Utah Jazz Legend Karl Malone Describes Running Pick-And-Roll With John Stockton
SALT LAKE CITY, Utah – Utah Jazz legendary power forward Karl Malone detailed his experience running the pick-and-roll with hall of fame point guard John Stockton.
Malone broke down the play that former Jazz play-by-play announcer “Hot” Rod Hundley coined “Stockton to Malone” during a recent appearance on the Barstool Sports’ podcast, Pardon My Take.
“It all started with John Stockton,” Malone said.
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In recent days, Malone and the Jazz have been the subject of many sports conversations after ESPN’s airing of “The Last Dance” documentary series featuring Michael Jordan and the Chicago Bulls. Malone and the Jazz fell to Jordan and the Bulls in back-to-back NBA Finals during the late 1990s.
During the interview on the Pardon My Take podcast, Malone was asked about the famous pick-and-roll play that former Jazz coach Jerry Sloan consistently ran with Stockton and Malone.
“Patience. Patience. Patience,” Malone said is needed to create the perfect pick-and-roll. “Which when I played, I didn’t have a whole lot of it.”
Malone might think that he didn’t have a lot of patience and even if he didn’t, Stockton made it worked regardless.
The two are consistently named among the greatest players to ever play in the NBA at their respective positions.
Stockton, who played his entire career (1984-2003) with the Jazz, finished his NBA career as the league’s all-time leaders in assists and steals.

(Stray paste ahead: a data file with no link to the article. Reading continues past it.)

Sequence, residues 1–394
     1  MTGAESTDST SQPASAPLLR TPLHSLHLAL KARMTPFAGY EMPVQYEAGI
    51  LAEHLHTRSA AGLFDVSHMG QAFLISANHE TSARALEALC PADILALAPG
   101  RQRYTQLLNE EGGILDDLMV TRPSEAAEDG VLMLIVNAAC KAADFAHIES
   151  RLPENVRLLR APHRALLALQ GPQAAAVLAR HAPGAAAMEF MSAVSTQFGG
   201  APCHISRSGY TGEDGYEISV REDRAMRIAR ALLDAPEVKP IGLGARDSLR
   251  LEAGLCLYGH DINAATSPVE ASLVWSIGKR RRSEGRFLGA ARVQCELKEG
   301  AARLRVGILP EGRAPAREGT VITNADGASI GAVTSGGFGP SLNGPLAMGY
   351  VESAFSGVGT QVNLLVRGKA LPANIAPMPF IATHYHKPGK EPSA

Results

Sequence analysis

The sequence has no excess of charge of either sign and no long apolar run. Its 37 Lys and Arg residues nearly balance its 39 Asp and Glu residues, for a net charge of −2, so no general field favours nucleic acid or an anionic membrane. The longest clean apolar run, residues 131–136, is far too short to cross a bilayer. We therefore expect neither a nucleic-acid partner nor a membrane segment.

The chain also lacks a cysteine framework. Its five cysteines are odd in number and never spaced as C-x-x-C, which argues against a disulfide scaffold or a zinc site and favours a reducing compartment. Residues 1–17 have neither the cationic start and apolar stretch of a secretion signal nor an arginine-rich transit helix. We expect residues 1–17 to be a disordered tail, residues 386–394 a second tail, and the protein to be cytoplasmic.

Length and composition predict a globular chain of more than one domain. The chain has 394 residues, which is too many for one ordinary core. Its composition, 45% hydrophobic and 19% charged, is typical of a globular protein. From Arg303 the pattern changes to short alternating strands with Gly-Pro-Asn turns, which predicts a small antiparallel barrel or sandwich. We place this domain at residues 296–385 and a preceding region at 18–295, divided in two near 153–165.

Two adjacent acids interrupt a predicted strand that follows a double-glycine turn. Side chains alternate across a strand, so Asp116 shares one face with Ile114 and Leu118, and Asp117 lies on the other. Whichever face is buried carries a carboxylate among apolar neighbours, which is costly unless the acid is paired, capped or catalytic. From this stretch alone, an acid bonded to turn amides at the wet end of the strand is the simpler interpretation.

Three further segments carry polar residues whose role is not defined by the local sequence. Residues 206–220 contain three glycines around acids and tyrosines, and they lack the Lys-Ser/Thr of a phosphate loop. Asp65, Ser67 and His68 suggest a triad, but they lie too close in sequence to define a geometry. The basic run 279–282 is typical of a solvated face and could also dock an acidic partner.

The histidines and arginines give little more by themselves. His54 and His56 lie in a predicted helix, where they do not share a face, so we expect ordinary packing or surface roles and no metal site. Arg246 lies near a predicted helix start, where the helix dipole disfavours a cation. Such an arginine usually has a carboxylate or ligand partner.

“It’s always about the point guard,” Malone said. “If the point guard is doing their job and not thinking about themselves, he will be patient. That’s why it was just solid. I felt it. You know it.”
Malone, who played for Utah from 1985-2003 and is the No. 2 scorer in NBA history, certainly “felt” that connection with Stockton as many of the forward’s baskets came on assists from the hall of fame guard.
“If you see John Stockton, at least 75-80 percent of the time, he would be dribbling the ball and put his hand up and telling me to wait… I’m just high octane and I’m ready,” Malone continued. “If you go back and watch us, when he did that, we was not calling a play. He was watching me and he was telling me because if your point guard leave to quick, it just about always gonna be an offensive foul on me. So he was protecting me as well. So the perfect pick-and-roll is patience.”
Stockton’s patience led to 15,806 assists over 19 seasons that included 10 NBA All-Star nods, two All-NBA First-Team honors, two trips to the NBA Finals, and the Jazz retiring his No. 12 jersey.
That patience also led to a large portion of Malone’s 36,928 points during their 18 seasons together.
Malone said that most people knew exactly what play the dynamic duo was going to run but couldn’t stop it due to Stockton’s greatness.
“Number one, you had the best that ever did it running the show,” Malone said. “I was decent, so I would set the pick. But all of our teammates knew where they were supposed to be at and all they had to do was do it. But it all started with John Stockton.”
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